From green chemistry, biomimetic product design, renewable energy systems and biomimetic architecture, to cities and industries that function like ecosystems, learning to better design as nature is one of the most exciting creative challenges in the transition towards regenerative cultures. In essence, by aspiring to design as nature in ways that create whole-system health we are aiming to learn how to participate appropriately in the life-sustaining cycles of the biosphere. This means meeting human needs within planetary boundaries while acting as a responsible keystone species that maintains and regenerates life’s capacity to create conditions conducive to life. By aspiring to do this in local ecosystems everywhere, we will create resilience, health and the conditions for life to thrive across the globe.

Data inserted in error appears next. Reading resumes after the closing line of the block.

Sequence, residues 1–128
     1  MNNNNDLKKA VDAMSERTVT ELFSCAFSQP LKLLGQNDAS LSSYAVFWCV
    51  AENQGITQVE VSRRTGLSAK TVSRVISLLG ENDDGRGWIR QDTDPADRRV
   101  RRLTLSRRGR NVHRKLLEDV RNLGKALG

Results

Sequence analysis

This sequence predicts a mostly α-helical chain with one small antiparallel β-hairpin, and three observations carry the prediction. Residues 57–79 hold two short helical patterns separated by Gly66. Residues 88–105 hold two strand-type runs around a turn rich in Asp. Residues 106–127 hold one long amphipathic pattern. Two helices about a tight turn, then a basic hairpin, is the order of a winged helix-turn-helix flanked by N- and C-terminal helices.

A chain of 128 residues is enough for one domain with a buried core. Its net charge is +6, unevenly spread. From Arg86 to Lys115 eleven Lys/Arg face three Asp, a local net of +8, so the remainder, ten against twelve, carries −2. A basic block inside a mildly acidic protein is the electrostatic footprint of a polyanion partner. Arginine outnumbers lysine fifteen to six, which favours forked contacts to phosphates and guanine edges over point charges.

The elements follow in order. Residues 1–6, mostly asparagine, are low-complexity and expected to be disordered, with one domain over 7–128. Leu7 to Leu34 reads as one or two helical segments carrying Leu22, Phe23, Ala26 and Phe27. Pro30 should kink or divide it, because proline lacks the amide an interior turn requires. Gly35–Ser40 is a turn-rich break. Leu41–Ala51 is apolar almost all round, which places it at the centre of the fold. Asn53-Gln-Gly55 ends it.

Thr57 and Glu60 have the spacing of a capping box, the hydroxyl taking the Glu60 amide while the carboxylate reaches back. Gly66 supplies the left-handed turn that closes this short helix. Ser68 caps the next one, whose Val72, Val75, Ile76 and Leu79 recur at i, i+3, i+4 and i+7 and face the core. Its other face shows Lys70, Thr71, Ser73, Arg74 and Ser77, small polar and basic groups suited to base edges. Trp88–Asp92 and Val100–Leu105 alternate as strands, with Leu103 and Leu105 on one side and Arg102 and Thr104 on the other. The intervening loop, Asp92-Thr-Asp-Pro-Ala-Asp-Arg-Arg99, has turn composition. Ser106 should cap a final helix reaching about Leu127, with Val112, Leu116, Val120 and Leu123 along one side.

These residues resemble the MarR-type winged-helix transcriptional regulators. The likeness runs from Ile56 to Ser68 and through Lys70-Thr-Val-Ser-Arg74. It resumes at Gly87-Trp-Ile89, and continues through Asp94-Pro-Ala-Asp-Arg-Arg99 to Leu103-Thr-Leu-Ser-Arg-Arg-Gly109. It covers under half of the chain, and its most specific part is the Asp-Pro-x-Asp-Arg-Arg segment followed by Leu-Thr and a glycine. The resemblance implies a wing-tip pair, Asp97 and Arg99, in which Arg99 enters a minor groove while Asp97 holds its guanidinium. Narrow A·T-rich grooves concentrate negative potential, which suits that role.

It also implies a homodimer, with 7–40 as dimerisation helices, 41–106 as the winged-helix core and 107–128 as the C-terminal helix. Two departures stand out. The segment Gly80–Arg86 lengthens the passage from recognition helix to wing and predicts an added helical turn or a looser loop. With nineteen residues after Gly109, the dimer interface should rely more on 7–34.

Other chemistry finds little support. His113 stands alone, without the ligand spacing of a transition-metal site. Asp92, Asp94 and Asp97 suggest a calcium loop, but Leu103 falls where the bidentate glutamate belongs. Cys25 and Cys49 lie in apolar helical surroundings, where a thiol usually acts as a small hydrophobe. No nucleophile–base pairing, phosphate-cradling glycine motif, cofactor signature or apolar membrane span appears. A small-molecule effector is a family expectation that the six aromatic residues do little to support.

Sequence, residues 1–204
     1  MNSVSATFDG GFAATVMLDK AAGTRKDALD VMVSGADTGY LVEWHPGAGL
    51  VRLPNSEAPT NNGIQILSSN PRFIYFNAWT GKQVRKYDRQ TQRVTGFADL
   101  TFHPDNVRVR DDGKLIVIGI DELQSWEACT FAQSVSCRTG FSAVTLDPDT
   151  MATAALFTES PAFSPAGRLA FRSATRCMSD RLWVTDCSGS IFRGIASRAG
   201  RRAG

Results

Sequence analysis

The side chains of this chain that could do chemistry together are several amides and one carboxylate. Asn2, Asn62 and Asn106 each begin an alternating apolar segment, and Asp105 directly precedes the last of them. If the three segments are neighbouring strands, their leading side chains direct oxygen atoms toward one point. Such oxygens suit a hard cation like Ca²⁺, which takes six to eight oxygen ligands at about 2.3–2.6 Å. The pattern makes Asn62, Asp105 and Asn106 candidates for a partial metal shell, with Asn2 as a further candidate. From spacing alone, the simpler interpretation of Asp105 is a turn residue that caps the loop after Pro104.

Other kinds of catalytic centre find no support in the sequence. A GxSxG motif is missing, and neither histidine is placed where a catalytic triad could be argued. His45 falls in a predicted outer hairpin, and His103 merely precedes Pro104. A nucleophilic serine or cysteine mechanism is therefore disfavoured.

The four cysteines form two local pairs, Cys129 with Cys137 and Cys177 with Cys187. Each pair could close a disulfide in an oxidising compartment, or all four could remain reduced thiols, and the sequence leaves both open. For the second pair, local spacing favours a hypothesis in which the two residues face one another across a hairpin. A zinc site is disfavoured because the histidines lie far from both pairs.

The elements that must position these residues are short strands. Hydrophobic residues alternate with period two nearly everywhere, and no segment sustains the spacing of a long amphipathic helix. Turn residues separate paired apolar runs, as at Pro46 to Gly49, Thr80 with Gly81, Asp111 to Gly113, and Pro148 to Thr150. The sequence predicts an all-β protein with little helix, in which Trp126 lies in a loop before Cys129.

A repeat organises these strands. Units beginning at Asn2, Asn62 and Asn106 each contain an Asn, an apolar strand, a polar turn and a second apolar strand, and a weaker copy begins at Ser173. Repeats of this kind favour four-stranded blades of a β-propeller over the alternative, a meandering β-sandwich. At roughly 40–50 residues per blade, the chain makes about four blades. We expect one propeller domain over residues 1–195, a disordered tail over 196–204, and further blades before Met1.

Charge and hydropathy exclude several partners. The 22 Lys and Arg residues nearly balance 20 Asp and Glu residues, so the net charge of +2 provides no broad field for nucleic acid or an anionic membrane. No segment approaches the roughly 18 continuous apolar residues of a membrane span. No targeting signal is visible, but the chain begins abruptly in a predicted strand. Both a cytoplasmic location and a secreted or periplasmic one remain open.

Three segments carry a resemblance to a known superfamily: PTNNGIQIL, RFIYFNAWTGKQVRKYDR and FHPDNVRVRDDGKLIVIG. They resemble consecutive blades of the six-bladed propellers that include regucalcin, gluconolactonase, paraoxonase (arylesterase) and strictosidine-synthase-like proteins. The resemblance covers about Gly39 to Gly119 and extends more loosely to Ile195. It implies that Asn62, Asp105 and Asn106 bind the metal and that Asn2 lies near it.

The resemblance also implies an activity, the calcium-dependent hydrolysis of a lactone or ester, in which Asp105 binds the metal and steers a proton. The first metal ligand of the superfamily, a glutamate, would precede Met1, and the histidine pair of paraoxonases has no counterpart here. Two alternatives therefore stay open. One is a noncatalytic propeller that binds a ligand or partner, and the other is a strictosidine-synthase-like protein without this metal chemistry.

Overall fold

If we truly live into the fact that we are life, that we are nature, and as such are bound by kinship and interdependence to the community of life that human and planetary health depend upon, we will come to regard the creation of a globally regenerative civilization expressed in exquisite locally adapted diversity as the creative challenge of our times. This is a challenge that not only unifies the human family behind a common vision of co- creative thriving rather than just survival, but also unites humanity with the ground of its own being — nature’s genius unfolding through the diversity of life and the evolution of consciousness.